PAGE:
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Wednesday, May 4, 2016

Town Council approves proposal for new device

Friday, March 2, 2012

Indiana Department of Environmental Management Water Quality office Operator Assistance Program Specialist Dave Denman gestures to members of the Carbon Town Council and West Central Indiana Economic Development District, Inc., Flood Recovery Coordinator Kristy Jerrell and Bradley Innovation Group, LLC, Executive Vice President of Sales Jason Bradley during the special meeting Wednesday afternoon as he explains how the proposed wastewater treatment device, an Aqua-Manna BOBBER, will operate with Carbon's lagoons once installed. [Order this photo]
CARBON -- Carbon Town Council members accepted a proposal to install a mixing and aeration device, called an Aqua-Manna BOBBER, to nitrify the bacteria in the town's wastewater stabilization lagoons.

During the special session meeting Wednesday afternoon, Indiana Department of Environmental Management (IDEM) Water Quality office Operator Assistance Program Specialist Dave Denman and Bradley Innovation Group, LLC, Executive Vice President of Sales Jason Bradley met with the council to explain and discuss their proposal, which included a plan to reduce winter ammonia levels.

Effective Jan. 1, 2009, the State of Indiana added two new criteria standards, which requires a limit of discharge for ammonia and E. coli levels.

Currently, Carbon's waste stabilization lagoons are in violation of the new standards.

Although the violation doesn't pose a threat to citizens, the town is still responsible for solving the issue.

The existing lagoons are not designed to effectively treat ammonia in cold weather.

Council members said the current system meets the state's ammonia standards for the majority of the year, but when temperatures drop during winter months, ammonia levels increase.

Since September 2011, council members expressed they are worried Carbon doesn't have enough funding to meet the water quality standard improvements the state is mandating.

Recently, the council decided to choose the No Action Alternative but were still committed to finding possible solutions.

On Wednesday, council member David McFaddin made the motion to accept the Bradley's proposal to install the devices as part of an experimental study.

Council member Dennis Rightsell gave the second, and Carbon Town Council members voted unanimously in favor to accept the proposal.

Meanwhile, town officials are also seeking assistance from the state through a grant application from the Indiana State Revolving Fund (SRF).

Town Attorney Eric Somheil said, "The town fully approves of this proposal, contingent upon the SRF grant."

The accepted proposal states, "Aqua-Manna BOBBER is a mixing and aeration device which contains over 20,000 square feet of media for nitrifying bacteria ... Aqua-Manna proposes to install four BOBBERS."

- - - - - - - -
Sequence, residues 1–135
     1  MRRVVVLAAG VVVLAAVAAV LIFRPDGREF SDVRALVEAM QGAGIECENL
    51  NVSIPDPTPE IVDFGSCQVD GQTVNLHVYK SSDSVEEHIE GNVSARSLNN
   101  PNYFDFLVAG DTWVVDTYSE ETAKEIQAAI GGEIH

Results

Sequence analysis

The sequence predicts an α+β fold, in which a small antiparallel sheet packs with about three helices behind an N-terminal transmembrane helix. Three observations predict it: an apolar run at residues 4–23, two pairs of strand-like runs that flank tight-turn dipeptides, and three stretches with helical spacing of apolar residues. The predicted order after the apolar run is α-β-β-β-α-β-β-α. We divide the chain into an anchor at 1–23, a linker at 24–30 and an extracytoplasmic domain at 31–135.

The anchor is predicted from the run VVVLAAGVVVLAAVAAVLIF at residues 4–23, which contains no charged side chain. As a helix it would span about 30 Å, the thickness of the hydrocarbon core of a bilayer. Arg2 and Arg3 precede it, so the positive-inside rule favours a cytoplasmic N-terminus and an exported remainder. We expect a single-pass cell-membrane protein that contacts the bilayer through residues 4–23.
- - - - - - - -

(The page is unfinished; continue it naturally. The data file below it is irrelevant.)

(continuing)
If the town receives the grant and the device achieves the desired outcome, the town will not be responsible for allocating any funds toward the project.

Wastewater Treatment Plant Certified Operator Doug Clodfelter said the newest option presented is less expensive, easier to manage and more financially feasible to run on a monthly basis when compared to other options the council has considered previously.

"There is less testing involved and an operator is not required, so your (operation and management) costs are reduced," Clodfelter said.

The council agreed.

"It's the best way we've had to go yet," Council President Joann Rightsell said, "and we're going to have to try it."

Dennis Rightsell added, "Sitting here listening to (Denman, the proposal) makes a lot of sense, and it may even solve some of our other problems like the E.coli."

Denman and Bradley explained to the council they've seen success by installing these BOBBERs in similar lagoons systems, such as the experimental devices in Wingate, Ind., a small town south of Lafayette, Ind.

"The systems are very much alike," Denman said, "but their lagoons are deeper and aerated, so they are just different enough that we would benefit from the experimental process, and you may even be able to help other towns like yourselves by doing this."

The council discussed installing the BOBBERs in the second lagoon tank, with an estimated cost of $122,500.

The council said they should know within three-four months if they have received the SRF grant.

The BOBBERS are composed of high-density plastic and stainless steel.

After the devices have been installed 15 months, they become the property of Carbon, and Bradley gave an approximate life expectancy of the BOBBERs of more than 10 years.

According to Denman, each BOBBER has eight outlet points, and 600 gallons of water circulates through the device per minute.

The main cost to the town comes in the form of a $100 per month electric bill increase.

In additions, the council also discussed applying for more grant money to allow them to bring in partners from a university to do a study, but no action has been taken.

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